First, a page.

where projects have been cancelled.

For the foreseeable future it is highly recommended that you look carefully
at the specifications on any pv modules you are planning to purchase.

Most of these panels have odd ball voltages specifically designed for a
particular model or family of grid-tie inverters.

If you try to use these panels with a conventional photovoltaic charge controller
they will work poorly or not at all.
This is not decrying the panels, they were never designed for this application.
We get calls on a regular basis form folks who got a "great deal" on some
solar panels but they will not charge their batteries.

Solar Converters, Inc. in Canada has made many charge controllers for our
customers that are set for use with their particular panels.

To avoid this you want to look for these two specifications to see if the modules
are designed for charging batteries.

First is the Voc, or open circuit voltage. It should be about 19.5 to 22.0 volts
for a 12 volt battery system or 40.0 to 44.0 volts for a 24 volt system.
Second is the Vmp, or voltage maximum power. It should be about 17.0 to 18.5 volts
for a 12 volt battery system or 34.0 to 36.0 volts for a 24 volt system.  

In the old days, pre-utility grid-tie systems, most panels had a "J" or
junction box on the back.
This was a weather tight enclosure where you connected the wires from
the panel to the charge controller.
Nowadays most modules have MC connectors which are designed for
higher voltage rooftop connections for use with a grid-tie inverter.
If you purchase panels with these connectors you would be best off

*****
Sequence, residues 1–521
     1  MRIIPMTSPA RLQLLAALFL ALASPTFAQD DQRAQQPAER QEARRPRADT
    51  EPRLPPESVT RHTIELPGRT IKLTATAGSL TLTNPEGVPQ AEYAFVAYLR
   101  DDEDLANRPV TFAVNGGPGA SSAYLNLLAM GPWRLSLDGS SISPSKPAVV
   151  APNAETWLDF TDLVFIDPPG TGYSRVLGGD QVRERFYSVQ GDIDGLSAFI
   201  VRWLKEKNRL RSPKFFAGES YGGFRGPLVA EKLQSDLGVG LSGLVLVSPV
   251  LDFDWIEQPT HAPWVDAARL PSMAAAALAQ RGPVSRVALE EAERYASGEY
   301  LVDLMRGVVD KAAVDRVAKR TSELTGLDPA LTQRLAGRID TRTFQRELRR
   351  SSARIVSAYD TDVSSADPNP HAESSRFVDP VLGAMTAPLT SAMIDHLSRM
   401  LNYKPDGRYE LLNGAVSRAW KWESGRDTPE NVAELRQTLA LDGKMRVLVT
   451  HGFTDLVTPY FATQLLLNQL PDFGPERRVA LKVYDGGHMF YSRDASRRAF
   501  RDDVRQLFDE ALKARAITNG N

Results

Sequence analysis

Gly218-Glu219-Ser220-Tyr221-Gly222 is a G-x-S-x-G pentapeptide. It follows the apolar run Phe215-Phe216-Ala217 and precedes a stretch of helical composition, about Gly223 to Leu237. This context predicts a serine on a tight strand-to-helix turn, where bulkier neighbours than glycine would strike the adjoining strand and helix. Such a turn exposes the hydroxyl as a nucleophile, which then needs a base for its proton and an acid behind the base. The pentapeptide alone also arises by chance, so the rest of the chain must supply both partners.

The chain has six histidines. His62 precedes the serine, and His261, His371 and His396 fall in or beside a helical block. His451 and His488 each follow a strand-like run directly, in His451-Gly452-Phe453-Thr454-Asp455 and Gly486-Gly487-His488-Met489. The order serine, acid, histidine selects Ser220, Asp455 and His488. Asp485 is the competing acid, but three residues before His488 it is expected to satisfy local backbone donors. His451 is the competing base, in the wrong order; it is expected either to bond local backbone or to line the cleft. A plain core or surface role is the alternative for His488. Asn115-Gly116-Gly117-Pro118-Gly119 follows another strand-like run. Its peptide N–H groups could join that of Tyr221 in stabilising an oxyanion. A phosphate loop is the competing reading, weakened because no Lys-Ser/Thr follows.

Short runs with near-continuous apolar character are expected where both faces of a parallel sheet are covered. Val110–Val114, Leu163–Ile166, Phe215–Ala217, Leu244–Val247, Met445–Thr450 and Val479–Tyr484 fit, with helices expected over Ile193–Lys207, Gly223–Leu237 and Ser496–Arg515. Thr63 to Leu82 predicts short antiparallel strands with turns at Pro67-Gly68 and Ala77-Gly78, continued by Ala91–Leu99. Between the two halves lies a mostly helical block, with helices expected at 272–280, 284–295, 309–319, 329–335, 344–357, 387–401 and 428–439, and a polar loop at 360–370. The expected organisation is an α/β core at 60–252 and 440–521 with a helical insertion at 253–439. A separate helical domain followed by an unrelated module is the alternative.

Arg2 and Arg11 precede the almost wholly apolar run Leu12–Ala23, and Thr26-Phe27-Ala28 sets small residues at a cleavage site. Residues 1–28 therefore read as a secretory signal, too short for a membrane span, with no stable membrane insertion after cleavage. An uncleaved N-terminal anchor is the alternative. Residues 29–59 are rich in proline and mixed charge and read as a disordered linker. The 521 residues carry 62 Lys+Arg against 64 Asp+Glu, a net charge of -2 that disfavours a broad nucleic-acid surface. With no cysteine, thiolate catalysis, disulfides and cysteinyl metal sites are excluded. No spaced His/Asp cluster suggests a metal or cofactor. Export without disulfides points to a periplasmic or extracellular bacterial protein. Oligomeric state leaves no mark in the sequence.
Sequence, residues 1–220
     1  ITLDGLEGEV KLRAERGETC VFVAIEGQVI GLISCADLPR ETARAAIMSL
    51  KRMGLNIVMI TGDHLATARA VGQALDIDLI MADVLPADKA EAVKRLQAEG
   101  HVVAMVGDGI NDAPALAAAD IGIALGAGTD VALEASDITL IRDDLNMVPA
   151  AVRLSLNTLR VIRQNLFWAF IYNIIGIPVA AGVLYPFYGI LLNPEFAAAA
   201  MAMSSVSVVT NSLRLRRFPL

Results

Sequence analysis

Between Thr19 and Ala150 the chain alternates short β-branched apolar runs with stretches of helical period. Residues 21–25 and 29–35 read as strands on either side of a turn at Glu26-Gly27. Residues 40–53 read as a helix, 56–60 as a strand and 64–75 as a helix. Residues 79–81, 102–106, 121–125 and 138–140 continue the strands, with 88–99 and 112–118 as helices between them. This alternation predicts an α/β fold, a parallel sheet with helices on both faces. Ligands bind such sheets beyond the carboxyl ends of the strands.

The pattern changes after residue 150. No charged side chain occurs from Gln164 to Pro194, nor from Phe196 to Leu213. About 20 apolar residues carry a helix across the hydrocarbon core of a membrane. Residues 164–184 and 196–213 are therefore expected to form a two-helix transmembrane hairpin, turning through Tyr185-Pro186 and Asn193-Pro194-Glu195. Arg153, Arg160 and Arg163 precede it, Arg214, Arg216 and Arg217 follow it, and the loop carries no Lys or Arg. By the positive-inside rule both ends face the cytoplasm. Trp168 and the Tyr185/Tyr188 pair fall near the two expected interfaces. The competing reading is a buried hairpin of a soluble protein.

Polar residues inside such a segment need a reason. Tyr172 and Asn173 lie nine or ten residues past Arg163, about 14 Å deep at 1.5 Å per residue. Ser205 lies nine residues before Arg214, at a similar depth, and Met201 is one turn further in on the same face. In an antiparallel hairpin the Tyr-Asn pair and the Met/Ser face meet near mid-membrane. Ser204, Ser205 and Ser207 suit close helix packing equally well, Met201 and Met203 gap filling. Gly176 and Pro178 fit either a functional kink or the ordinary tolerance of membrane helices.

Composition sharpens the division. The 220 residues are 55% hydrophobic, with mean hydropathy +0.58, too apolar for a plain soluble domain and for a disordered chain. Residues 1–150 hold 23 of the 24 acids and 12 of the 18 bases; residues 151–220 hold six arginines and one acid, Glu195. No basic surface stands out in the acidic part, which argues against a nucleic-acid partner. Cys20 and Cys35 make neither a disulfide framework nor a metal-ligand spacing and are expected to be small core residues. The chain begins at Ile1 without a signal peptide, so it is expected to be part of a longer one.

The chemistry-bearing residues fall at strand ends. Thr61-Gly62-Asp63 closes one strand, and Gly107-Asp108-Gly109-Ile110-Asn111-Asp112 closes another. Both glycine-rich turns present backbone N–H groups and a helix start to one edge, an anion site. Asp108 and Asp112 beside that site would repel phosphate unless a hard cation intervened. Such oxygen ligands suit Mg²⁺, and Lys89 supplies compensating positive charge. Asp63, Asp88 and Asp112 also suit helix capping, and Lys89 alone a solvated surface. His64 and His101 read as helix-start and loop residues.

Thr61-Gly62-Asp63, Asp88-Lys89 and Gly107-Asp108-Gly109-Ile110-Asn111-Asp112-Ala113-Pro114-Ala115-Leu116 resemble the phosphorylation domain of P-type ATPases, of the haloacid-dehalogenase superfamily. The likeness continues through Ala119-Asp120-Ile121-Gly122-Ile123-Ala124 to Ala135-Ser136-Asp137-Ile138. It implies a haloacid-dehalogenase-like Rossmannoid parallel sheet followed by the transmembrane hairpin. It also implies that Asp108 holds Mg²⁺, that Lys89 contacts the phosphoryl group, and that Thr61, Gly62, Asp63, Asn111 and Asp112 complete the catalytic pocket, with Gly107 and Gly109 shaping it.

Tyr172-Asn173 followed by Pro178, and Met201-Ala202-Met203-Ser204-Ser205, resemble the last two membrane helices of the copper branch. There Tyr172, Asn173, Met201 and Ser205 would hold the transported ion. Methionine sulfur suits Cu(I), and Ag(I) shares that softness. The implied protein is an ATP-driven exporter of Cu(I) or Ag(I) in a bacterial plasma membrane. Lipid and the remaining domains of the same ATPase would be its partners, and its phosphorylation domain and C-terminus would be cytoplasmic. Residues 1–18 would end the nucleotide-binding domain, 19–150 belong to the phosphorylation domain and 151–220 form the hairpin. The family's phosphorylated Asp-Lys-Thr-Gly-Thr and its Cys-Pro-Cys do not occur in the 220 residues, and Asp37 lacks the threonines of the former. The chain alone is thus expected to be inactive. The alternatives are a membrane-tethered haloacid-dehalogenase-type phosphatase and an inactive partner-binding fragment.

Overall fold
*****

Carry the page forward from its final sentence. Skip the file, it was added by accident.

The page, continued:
picking up some adapter connections for your wiring.

A quick comment on pv module manufacturer's specifications.

If you look at the specifications on pv modules some manufactureres show
two columns.
The first is the specifications at 25 degrees C and the second is at
45 degrees C.
You will notice there is quite a difference between the two.
The 25 degree numbers are great for advertising and the 45 degree
numbers are more along the lines of real life.

As the cell temperature in the panel increases, the voltage decreases.
The overall power output also decreases.
This is why we recommend having an air space behind the modules
in roof mounted arrays.
In a ground or pole mount installation, this is not a concern.

I remember when Arco Solar came out with their 36 cell modules and
acclaimed their higher power output in elevated (read that as real life)
temperatures.
Everyone shortly followed in their footsteps.
The early solar panels usually had only 30 to 33 cells which was okay in
cool weather.
When the weather got hot, those panels with fewer cells would barely
charge a battery and in some cases would not work at all.

Some of the manufacturers even made panels with fewer cells and
promoted them as self-regulating so they would not need a charge
controller.
From personal experience, this did not work well at all.
I am looking at two of them right now in the display in our office.

And yes, I am getting old, losing my hair and my joints hurt - but I was
there in the "good old days".